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    • Reflecting on the Science Communication Conference

      Now that it’s published, it’s great being able to talk about the results from Public Attitudes to Science 2011, and to reflect on some of the highlights (both negative and positive).  We’ve been trying to work out, for example, why fewer people report feeling informed about science compared to the 2008 study, and reflecting on our new attitude segments.  I’ve been tracking the twitter conversations about the PAS on Storify(with thanks to Jo Brodie for that recommendation), and it was interesting to see how people reacted to the findings – for some, their focus was on the issue of people … Continue reading


    • PAS2011 Twitter Wordle Cloud

      There have been a number of twitter discussions going on over the last week since the survey’s publication. There are more detailed posts to follow but I thought I’d link to the wordle.net cloud I produced in the meantime.

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    • PAS2011 at the Science Communication Conference

      It’s just over a month to go, but this year’s Science Communication Conference will present the first real public opportunity to discuss the results of #PAS2011, as well as its implications for Sci Comm types and scientists more broadly.  I’ll be joining Jayesh and Sarah from Ipsos MORI to talk about what we did, how we did it, and what we found. To help us shape our session further, we’d be interested to know what those of you going to the conference would like to explore.  RCUK held a really inspiring session following publication of the 2008 study – that … Continue reading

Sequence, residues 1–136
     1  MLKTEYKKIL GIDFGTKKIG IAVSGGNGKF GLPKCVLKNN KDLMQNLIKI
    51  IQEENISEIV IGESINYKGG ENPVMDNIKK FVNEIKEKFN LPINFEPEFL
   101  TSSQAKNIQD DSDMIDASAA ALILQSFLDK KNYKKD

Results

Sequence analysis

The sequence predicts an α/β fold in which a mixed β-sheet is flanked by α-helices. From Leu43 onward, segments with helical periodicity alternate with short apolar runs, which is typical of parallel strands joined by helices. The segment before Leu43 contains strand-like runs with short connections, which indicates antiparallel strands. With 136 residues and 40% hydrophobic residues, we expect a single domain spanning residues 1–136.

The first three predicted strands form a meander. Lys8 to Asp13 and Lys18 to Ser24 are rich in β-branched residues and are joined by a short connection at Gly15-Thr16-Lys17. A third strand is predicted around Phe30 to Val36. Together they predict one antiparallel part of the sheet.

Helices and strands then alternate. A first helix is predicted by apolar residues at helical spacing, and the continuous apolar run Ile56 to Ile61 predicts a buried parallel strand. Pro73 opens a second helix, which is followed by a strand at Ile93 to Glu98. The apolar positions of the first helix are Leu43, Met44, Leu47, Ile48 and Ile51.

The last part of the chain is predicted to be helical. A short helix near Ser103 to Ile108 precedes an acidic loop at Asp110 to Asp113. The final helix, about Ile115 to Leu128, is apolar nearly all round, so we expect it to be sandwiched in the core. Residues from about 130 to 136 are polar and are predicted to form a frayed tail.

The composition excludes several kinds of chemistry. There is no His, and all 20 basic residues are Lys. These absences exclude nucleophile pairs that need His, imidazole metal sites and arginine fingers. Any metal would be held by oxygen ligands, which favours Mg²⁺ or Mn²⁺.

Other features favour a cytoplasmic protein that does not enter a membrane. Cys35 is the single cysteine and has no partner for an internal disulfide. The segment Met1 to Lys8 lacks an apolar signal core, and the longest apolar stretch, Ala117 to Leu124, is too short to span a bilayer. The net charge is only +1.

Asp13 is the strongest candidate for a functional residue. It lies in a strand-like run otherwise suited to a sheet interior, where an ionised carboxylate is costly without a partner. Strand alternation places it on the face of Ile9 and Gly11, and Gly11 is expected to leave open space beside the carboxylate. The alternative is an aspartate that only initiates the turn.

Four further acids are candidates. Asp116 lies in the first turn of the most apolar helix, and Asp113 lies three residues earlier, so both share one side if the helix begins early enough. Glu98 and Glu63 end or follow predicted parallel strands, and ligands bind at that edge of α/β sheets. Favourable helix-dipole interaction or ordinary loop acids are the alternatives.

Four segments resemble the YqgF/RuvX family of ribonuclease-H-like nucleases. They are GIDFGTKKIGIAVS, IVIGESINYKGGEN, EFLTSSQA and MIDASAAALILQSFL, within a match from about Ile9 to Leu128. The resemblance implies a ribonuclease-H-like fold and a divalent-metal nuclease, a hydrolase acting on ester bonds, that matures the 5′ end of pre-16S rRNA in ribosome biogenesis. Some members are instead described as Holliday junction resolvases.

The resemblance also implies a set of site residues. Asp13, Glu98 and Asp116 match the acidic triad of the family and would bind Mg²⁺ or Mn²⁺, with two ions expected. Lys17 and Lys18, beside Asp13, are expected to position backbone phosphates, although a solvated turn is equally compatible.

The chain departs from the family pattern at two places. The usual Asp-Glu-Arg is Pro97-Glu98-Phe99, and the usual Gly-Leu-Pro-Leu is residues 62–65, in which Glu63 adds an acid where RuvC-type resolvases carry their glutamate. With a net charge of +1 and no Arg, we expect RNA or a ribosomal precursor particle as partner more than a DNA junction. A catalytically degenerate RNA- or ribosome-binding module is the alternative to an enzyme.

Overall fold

• 14-16 Attitudes

      In previous posts we’ve mentioned our survey of young people’s attitudes.  We published our results on that last week, National Science and Engineering Week. This wasn’t a direct replica of the main PAS, but we took the opportunity to test the views of 500 14-16 year olds enrolled on the online YLPA Learner Panel.  This was a much shorter version quantitative survey only, and administered online instead of face to face.  Even though it wasn’t a representative sample, there were some useful insights, which broadly back up what we’ve found in previous studies. It looks as if those surveyed had … Continue reading


    • Diana Garnham: Science, Careers and Public Attitudes

      Diana Garnham from the Science Council talks science, careers and public attitudes and reflects on what previous attitudes studies have told us.  Appropriate, as Diana has chaired the Science for Careers Expert Group, who are holding a conference in York on 23 February to discuss these issues.  It is now widely acknowledged that parents are key influencers of how children relate to studying science at school and on the career choices they take later in life.  The two are strongly related as the choice of what subjects to study at GCSE, and then the choice of subjects and qualifications post … Continue reading


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